Businesswoman disappointed after Zondo ignored discrimination evidence against Gems

Alfred Mokoditoa is fighting tooth and nail after the Government Employees Medical Scheme terminated his contracts and membership. Picture: Supplied.

Alfred Mokoditoa is fighting tooth and nail after the Government Employees Medical Scheme terminated his contracts and membership. Picture: Supplied.

Published Nov 26, 2023


A businesswoman has been left disappointed after Chief Justice Raymond Zondo allegedly snubbed her affidavit and evidence about Government Employees Medical Scheme (Gems) discrimination against her husband.

This was after Ntebeng Mokoditoa allegedly made her submission to the State Capture Commission of Inquiry on how Gems “unfairly” terminated the contracts and membership of her husband.

She said this was influenced by racism, corruption, violation of the Constitution, forgery and bogus investigations, which resulted in Gems' unconstitutional and unlawful termination of their business membership.

As a result, her husband Alfred, who is the owner of Amalig Pharmacies, had to close down one of his pharmacies. This was after he was accused of dispensing medicine in one of his famous pharmacies, Tshwane Pharmacy.

He was also forced to close three other pharmacies.

However, Mokoditoa said the termination was a breach of the medical aid contract and was in contravention of section 57(1) of the Act.

Asked to confirm if the commission received the information and what happened with it, secretary Itumeleng Mosala did not respond.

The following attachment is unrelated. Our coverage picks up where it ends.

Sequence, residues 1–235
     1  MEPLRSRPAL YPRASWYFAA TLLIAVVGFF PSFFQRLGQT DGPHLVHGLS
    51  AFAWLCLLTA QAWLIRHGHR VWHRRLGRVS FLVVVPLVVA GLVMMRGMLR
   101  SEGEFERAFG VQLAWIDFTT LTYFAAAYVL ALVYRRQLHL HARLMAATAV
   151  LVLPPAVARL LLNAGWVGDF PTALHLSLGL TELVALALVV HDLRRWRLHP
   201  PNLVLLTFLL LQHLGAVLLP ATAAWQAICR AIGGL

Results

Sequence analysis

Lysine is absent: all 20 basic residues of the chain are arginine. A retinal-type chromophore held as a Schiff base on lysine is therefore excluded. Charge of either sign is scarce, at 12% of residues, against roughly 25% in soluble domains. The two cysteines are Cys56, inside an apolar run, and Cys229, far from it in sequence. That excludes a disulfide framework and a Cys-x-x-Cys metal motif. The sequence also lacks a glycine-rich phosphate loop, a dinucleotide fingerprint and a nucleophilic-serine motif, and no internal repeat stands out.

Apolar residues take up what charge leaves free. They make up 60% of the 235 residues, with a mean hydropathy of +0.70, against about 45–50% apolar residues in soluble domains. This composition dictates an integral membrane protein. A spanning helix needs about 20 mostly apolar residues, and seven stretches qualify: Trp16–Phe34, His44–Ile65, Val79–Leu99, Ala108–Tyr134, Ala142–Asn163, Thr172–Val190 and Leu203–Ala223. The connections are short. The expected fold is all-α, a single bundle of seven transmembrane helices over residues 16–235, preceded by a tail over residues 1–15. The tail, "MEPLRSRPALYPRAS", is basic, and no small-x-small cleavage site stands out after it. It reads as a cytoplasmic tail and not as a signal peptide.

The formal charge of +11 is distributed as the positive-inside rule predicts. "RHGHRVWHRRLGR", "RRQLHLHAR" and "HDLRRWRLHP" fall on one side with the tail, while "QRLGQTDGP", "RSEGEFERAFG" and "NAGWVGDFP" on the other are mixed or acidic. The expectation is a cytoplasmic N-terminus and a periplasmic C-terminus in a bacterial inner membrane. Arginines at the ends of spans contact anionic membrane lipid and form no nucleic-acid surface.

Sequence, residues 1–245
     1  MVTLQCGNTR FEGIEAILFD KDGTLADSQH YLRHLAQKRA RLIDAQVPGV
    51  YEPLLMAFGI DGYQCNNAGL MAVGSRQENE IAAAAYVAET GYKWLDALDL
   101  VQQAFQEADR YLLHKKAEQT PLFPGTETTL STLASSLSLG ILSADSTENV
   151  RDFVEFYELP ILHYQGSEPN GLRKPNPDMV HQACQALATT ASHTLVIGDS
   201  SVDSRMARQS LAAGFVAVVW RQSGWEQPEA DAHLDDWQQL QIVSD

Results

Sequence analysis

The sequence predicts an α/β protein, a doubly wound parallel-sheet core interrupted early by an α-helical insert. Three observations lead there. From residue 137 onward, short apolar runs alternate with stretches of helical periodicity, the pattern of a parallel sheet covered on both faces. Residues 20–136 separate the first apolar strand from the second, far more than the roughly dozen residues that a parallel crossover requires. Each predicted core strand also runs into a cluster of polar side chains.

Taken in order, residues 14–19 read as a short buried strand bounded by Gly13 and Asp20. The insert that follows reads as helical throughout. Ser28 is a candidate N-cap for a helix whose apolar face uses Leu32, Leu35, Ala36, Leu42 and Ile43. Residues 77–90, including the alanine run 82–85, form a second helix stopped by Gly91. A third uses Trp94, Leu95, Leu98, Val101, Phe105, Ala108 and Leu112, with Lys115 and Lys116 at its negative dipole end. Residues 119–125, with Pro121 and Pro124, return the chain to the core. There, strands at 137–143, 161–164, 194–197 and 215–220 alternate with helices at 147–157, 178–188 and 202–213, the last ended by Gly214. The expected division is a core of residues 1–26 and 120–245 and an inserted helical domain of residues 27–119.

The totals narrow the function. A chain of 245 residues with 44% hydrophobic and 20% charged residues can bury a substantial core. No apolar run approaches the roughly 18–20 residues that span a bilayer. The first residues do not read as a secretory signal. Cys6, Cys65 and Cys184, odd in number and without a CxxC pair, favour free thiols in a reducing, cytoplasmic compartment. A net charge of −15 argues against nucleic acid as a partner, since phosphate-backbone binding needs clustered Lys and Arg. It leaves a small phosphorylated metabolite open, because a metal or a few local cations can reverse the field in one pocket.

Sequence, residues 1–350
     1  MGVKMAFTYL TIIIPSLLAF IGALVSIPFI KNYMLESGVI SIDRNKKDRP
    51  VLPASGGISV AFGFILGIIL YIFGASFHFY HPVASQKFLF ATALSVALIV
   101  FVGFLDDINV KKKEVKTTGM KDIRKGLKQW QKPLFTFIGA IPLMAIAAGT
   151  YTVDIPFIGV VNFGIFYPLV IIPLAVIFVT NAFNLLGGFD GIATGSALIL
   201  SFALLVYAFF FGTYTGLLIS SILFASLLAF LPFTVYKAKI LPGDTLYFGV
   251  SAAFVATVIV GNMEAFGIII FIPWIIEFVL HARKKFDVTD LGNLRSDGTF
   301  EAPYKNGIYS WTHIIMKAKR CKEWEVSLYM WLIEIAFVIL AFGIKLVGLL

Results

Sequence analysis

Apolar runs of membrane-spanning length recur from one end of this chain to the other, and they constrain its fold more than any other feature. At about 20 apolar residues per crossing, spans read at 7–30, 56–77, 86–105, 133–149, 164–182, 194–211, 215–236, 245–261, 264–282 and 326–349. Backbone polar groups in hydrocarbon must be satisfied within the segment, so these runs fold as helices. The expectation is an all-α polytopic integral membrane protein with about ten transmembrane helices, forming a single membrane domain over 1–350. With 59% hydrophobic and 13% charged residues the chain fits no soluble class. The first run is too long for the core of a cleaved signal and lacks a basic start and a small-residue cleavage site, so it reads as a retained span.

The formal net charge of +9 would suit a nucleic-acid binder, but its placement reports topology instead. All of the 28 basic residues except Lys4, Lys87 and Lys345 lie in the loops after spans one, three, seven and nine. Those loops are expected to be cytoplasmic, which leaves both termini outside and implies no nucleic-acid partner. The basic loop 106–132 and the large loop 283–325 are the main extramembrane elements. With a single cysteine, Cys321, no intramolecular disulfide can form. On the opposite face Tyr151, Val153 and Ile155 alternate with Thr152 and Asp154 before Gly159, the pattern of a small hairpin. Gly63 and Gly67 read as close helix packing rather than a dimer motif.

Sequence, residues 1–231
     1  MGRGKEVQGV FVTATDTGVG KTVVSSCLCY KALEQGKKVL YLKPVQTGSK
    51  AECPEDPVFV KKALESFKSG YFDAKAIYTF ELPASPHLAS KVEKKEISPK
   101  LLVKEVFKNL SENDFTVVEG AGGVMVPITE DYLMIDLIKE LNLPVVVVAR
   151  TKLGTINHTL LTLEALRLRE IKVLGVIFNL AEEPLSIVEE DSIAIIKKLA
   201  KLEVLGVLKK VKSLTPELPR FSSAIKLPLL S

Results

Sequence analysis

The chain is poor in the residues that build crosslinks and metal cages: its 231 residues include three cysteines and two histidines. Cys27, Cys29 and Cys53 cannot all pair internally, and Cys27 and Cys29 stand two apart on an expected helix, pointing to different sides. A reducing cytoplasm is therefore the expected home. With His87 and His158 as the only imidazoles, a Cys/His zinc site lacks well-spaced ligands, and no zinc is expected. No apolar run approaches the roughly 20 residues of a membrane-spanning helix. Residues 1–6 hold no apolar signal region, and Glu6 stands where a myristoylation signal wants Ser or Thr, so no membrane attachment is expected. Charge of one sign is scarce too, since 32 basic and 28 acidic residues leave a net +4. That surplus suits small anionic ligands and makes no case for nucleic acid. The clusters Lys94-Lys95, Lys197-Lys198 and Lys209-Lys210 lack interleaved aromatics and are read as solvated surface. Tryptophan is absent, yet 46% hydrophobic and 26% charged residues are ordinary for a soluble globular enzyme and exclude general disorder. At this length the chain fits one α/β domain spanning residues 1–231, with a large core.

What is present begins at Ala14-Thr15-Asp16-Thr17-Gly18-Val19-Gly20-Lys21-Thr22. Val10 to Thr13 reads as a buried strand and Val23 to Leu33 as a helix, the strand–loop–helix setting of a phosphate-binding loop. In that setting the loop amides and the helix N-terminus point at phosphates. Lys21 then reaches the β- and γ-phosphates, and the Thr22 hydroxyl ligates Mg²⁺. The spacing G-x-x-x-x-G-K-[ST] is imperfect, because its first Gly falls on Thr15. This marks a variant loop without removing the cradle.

Mokoditoa is not the first person to complain about Zondo snubbing their evidence. Earlier this year Independent reported that former Transnet executive and state capture-accused Iqbal Sharma’s affidavit, which implicated President Cyril Ramaphosa, Thuli Madonsela, Maria Ramos and Transnet board members from 2006/07, Trevor Manuel, Pravin Gordhan, Gill Marcus, Moira Moses, Mafika Mkhwanazi, the late Don Mkhwanazi and SAP Shipyards, Doris Tshepe, Brian Joffe and the 2006/07 Bidvest board, Sybrand Pretorius, Pradeep Maharaj, and Chris Wells, was ignored.

Sharma alleged that Transnet favoured one company to win tenders, Bidvest and Transnet may have committed fraud, and Transnet and Public Protector’s office conspired to squash and not implement the forensic report initiated by Madonsela.

Last month the paper also reported that business partners Yusuf Cassiem and his wife Charlnita Cassiem accused Zondo of snubbing their affidavit and evidence submitted to the State Capture inquiry to probe corruption and money laundering involving medical aid schemes.

In an affidavit, Mokoditoa said she reported the matter to the Council for Medical Schemes (CMS), but the council failed in its duties to hold Gems, its trustees, and its principal, accountable.

She said this started when Gems appointed Ernst & Young and Tshepo Forensic Services Consortium to conduct fraud investigations against Tshwane Pharmacy in December 2010.